The subject of a raging controversy , Queen Padmavati who is the protaganist of 16th century poem by a Sufi poet, has found her way into the question paper for M.A. history examination in the Banaras Hindu University.
“What do you mean by Johar tradition? Describe Rani Padmavati ’s Johar in the period of Allaudin Khalji,” a question in the medieval history paper asked.
The question carried 10 marks.
The paper also featured a question on the contentious triple talaq issue . “Discuss about teen talaq and halala as a social evil in Islam,” the paper read.
As part of the semester paper on Society and Culture in Medieval India, the students also had the option of describing the “position of Muslim women in the Sultanate Age”.
Professor Tabir Kalam of the history department confirmed the content of the paper but said he could not pinpoint who set the questions. “It was set by three-four different persons,” he said.
Assistant Professor Rajiv Srivastava, also of the medieval history department, was not available on telephone but while talking to a news agency he justified the questions as being relevant.
Issues featuring in the question paper “automatically become a part of the syllabus when you teach medieval history and history of Islam,” he said.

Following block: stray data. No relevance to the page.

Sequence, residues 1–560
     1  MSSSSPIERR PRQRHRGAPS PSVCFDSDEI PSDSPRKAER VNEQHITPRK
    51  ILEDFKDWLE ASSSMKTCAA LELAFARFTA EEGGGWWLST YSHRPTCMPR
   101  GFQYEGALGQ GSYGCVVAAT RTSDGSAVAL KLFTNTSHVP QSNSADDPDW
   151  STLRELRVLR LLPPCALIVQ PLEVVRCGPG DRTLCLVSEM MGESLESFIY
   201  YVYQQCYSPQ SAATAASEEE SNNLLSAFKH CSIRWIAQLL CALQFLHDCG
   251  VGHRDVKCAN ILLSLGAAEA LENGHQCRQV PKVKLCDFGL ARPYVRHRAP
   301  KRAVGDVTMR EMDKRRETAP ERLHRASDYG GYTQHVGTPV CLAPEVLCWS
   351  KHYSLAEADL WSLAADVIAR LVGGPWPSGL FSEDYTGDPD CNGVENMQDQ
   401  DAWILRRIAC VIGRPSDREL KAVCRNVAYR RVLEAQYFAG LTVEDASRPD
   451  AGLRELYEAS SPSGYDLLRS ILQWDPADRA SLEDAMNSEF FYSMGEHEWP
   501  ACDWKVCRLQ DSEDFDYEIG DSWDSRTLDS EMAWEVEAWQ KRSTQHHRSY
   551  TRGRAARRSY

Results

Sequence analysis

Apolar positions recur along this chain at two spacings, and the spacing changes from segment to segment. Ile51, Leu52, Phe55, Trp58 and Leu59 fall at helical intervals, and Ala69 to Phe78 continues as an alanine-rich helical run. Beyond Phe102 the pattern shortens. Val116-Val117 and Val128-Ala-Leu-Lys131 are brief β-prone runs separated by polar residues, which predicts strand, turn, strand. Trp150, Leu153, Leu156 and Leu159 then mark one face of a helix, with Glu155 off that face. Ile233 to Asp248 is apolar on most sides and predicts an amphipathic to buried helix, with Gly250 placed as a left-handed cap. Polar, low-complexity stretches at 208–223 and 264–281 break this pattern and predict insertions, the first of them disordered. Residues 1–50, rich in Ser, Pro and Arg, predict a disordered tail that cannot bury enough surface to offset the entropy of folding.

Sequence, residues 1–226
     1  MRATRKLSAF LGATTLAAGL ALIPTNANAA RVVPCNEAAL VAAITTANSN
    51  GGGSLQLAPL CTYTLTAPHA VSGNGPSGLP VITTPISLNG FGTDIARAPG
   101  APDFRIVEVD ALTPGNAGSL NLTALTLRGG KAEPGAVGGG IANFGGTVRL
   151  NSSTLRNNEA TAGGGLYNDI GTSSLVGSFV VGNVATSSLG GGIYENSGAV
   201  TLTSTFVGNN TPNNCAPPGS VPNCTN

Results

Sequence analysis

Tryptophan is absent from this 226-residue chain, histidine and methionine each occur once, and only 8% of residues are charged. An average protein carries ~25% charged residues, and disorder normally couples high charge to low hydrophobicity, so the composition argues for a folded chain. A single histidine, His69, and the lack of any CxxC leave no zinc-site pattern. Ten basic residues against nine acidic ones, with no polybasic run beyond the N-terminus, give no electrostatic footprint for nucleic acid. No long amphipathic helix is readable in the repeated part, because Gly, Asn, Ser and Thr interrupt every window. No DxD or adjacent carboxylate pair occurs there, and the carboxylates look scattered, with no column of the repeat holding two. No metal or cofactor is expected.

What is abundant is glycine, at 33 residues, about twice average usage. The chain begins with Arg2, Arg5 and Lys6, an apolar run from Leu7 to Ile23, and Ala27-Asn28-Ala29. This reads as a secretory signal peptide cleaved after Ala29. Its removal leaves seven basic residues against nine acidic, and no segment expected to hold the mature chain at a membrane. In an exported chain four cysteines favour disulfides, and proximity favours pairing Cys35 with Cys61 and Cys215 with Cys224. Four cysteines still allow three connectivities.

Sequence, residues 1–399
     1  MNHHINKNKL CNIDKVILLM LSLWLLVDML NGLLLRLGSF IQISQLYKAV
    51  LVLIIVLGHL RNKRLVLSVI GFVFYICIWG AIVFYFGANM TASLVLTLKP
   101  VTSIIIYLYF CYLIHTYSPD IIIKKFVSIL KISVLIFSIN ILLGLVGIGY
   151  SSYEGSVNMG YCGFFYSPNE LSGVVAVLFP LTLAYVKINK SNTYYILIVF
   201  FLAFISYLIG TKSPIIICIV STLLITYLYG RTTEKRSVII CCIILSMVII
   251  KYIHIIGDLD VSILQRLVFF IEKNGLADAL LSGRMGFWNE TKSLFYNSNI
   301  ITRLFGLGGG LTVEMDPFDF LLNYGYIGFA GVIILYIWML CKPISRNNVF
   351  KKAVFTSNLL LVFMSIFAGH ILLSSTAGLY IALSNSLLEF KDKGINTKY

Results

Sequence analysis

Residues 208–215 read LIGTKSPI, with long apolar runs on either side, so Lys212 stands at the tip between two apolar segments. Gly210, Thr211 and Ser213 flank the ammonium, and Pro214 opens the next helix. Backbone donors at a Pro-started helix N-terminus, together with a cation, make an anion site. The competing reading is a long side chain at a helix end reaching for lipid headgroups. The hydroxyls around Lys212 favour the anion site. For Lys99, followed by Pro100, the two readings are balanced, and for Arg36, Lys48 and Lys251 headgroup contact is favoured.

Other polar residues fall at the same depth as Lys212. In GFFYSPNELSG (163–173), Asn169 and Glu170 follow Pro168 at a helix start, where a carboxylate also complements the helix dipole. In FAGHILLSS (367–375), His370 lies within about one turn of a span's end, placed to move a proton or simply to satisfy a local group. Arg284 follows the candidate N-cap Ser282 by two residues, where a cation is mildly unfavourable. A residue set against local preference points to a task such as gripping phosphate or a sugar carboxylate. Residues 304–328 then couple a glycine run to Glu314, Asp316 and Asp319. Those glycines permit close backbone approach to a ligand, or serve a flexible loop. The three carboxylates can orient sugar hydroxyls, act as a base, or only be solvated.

While many modern historians have said that the historicity of Padmavati was unproven , the BHU professor said it was important to get the correct information about the raging subject to the students.
“Students ask a lot about things that are relevant and contemporary. It is important to tell students about these issues, which become controversial. Many issues in medieval era are disputed. Under such circumstances if we don’t tell students about the correct history, they will not be able to narrate the correct things,” Mr. Srivastava said.
The professor further said that it was important to cover issues related to Islamic society and culture in the medieval era. “Islam is not an Indian religion. It came from outside. It brought both good and negative aspects. Both Islamic and Hindu cultures are taught in history, as they both had an impact on each other,” he said.
The history paper comes after students sitting for the political science examination recently were asked to write what Kautilya, the advisor to emperor Chandra Gupta Maurya, thought of GST and Manu on globalization.
The history paper also had a short question asking students the location of the Taj Mahal and a long-answer question on the role played by saints in “Hindu-Muslim unity” in the medieval era.